The Democrats running for their party's presidential nomination in 2016 are scheduled to descend on Rock Hill, South Carolina, Friday evening for a forum with MSNBC host Rachel Maddow. Earlier in the day, U.S. Sen. Tim Scott, a South Carolina Republican, will host Republican presidential candidate and U.S. Sen. Rand Paul of Kentucky for a town hall-style forum, the Herald newspaper reported.
So why is this likely the first time you’re reading about these events? It’s because political forums and town halls are less prestigious than presidential debates. The stakes aren’t as high in political forums, which are usually an informal opportunity for candidates to speak at length about particular issues or special interests.
Unlike in presidential debates, there generally are no time limits for answers in a political forum. Political pundits and the political press often do not choose winners and losers after a political forum is held.
Presidential debates are formal events agreed upon by each major U.S. political party, often well in advance of candidates jumping into the race. Topics and questions tend to range from the most controversial issues of the election season to a candidate’s professional and political track record. Generally, a winner and a loser is decided by pundits and media outlets after these events.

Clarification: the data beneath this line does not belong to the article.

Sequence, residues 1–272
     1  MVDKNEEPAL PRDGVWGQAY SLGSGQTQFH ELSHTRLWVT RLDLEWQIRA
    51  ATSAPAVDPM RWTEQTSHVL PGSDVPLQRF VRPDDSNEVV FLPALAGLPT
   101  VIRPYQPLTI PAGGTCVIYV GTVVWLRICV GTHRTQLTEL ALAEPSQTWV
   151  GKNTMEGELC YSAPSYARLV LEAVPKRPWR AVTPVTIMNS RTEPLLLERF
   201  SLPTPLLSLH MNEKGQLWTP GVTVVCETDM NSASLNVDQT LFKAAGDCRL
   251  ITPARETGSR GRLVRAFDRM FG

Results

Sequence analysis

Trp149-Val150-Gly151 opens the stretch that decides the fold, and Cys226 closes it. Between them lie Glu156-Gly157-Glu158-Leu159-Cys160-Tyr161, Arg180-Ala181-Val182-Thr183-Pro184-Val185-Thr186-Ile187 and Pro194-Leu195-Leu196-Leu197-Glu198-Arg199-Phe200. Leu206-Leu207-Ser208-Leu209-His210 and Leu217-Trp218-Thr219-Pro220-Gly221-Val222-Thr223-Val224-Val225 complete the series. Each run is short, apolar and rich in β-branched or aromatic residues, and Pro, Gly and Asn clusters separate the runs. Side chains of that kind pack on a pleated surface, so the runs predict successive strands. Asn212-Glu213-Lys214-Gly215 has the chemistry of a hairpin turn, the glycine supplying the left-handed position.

The importance of political forums for campaigns shouldn't be understated, though. Religious conservatives and Republicans tend not to miss the Conservative Political Action Conference, an annual forum that draws both declared and undeclared presidential candidates who are looking to bone up on their conservative credentials. Campaign donors often attend these events, too.
In the summer preceding a national general election, civil rights groups and professional association organizations will invite presidential candidates to address their conventions. In July, most of the Democratic field and some of the Republican candidates addressed the Orlando convention of the National Urban League, an African-American civil rights group.
In October, the Democratic National Committee (DNC) endorsed candidates’ participation in a justice-themed presidential forum with the Black Lives Matter movement, an anti-police brutality group that led national protests after multiple instances of police-involved deaths of young black men and women. But the DNC would not add the forum to the formal debate schedule, media reports said.